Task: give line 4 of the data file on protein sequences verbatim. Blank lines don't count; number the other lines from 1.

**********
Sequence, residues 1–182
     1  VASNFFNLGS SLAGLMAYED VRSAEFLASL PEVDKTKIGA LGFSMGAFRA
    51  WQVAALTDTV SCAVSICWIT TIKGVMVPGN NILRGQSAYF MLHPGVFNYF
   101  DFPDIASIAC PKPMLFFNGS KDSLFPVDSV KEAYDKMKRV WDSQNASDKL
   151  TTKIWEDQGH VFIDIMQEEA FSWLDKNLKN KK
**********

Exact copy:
   101  DFPDIASIAC PKPMLFFNGS KDSLFPVDSV KEAYDKMKRV WDSQNASDKL